You Should Need A Licence To Use Social Media

Social media, you really suck sometimes.

13/05/2016 1:59 PM AEST | Updated 15/07/2016 12:52 PM AEST
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Should people need a license for social media the same way we do to drive a car?

Social media, you really suck sometimes.

Trolls use you to spread mindless hate, bullies have a 24-hour platform to terrorise their victims and all we can do is 'block' and 'hide'. Sure, @ilovejustinbieberforever171819 is gone from our feed but that doesn't stop the individual behind that username starting a new anonymous account or recruiting their friends to jump on the bully bandwagon.

It's problematic. And it's taking away from all the good things you do, like connect us to people we sat next to one time in year seven maths class and viral dog videos. You know, the important stuff.

But I don't just want to 'delete' you from the Interwebs. In fact, my job kind of depends on your existence. So here's what I propose: A social media licence.

Kids under the age of 16 aren't legally allowed to drive. Even then, they have to pass a series of tests before they can operate a vehicle on the road by themselves. So how about we apply the same principles to you, since the effects can be just as harmful?

A drunk tweeter might not instantly wipe out an entire family, but look at how far trolls pushed Charlotte Dawson. Every three hours someone in Australia dies by suicide. It's a national emergency and we're giving anyone with an internet connection the power to bully one another 24 hours a day.

Don't let tweens set up an Instagram account without parental consent. Make them do the hard yards. Teach them the risks. Enforce some rules. I'm talking L-plates, supervision, tests and penalties -- the whole lot.


People can apply for their L-Plates when they turn sixteen. It would let teachers skip all the 'he bullied me on Facebook can you deal with it' nonsense and get back to teaching.

And imagine how good the test would be.

Is it ever okay to comment 'go hang yourself' on someone's status?

a) No. You don't know how your comment could impact the person on the other end.

b) Yes, I think it's perfectly reasonable. As an aside, I'm a knob.

Once they pass the test, learners would have to complete 120 hours of supervised tweeting -- with 20 hours of those performed when deliriously tired, during a sugar comedown and other angsty teen moments.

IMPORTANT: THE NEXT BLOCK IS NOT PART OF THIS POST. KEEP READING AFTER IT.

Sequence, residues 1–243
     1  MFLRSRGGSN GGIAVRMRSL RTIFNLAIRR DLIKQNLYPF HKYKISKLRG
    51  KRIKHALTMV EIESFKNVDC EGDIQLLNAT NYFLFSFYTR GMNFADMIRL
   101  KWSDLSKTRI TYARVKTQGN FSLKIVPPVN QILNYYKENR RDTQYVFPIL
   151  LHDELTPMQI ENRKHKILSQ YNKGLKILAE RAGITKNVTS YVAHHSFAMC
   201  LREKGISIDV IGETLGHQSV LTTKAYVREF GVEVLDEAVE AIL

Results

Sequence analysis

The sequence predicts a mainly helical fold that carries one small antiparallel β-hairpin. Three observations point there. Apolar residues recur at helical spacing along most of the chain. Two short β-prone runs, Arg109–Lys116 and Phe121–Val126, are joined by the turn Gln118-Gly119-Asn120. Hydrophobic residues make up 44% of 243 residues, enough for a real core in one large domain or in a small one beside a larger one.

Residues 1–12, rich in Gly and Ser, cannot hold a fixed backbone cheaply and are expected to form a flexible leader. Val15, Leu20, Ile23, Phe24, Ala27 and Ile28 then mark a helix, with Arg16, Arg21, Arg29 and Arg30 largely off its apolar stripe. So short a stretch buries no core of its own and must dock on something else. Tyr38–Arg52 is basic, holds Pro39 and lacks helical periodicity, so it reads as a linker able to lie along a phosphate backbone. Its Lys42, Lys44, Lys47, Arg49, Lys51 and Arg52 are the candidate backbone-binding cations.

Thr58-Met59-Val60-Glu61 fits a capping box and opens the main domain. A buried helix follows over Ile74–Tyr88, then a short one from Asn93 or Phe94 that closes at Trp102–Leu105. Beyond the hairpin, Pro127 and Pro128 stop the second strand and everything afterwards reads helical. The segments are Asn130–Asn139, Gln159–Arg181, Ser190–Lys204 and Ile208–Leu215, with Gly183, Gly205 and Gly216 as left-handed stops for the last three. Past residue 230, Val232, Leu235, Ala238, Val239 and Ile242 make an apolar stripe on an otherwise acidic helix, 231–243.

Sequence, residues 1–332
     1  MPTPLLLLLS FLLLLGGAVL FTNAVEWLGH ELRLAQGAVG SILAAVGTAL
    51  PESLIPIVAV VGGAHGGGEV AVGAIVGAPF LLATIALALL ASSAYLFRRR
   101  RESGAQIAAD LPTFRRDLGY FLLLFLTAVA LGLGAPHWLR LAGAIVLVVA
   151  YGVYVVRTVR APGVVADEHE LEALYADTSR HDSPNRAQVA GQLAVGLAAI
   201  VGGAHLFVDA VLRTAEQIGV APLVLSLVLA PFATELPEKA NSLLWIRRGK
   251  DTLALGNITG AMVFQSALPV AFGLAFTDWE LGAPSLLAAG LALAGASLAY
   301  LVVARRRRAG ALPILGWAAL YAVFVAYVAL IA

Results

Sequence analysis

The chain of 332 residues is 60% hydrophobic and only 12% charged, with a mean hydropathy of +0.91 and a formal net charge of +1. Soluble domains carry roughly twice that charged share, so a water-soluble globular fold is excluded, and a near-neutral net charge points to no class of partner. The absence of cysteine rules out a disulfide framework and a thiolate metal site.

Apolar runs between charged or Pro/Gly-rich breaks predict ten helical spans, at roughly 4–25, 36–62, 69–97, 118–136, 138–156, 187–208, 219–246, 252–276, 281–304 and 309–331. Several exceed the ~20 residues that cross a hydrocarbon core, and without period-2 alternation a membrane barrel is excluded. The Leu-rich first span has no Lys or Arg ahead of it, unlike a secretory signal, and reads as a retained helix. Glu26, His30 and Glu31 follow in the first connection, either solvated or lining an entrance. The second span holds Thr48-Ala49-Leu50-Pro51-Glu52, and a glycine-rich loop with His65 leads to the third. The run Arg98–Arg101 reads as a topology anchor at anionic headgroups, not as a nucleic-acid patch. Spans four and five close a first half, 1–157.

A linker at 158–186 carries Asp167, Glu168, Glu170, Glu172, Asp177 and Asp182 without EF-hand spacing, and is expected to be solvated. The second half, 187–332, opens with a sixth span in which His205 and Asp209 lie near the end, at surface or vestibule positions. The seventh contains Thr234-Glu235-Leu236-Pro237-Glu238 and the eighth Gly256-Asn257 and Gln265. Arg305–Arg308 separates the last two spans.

Adult learners who regularly drink would be required to complete a supervised tipsy test to avoid any drunk Facebook status disasters. Because we all know, someone.


P-Platers must stick to a tweet-limit. 5 posts per day. Any penalties will result in instant suspension of license.

Full License/Demerit Points:

Those with a full licence receive 12 demerit points.

Once they're gone, they simply disappear from social media. When they click on their Facebook app, they're met with a pop-up that simply reads: "Sorry, your social media licence has been suspended because you're a twat."

Don't tell me this isn't possible. We live in a time where we can face-swap with my remote control. The future is now.

Aimie Rigas

Plus it means @ilovejustinbieberforever171819 would not only lose their power, they'd be forgotten by the other internet trolls who rally behind them. If that's not more important than face-swapping with inanimate objects, I don't know what is.


Trolls cop a $250 fine per awful comment. Narcissists lose a couple of demerit points for posting more than one selfie per day. Heck, we could even fine people for misusing your and you're. We'd be doing humanity a real service.

We'd have to think up special punishment for commenting 'KARDASHIANS NEED TO DIE', DMing Justin Bieber's new fling death threats and bombarding female journalists with rape jokes since they'd probably rank as the most common infringements. But I'm sure you'll think of something.

Anyway, just a suggestion. Feel free to Snapchat me a response. Preferably with the dog filter. I love the dog filter.

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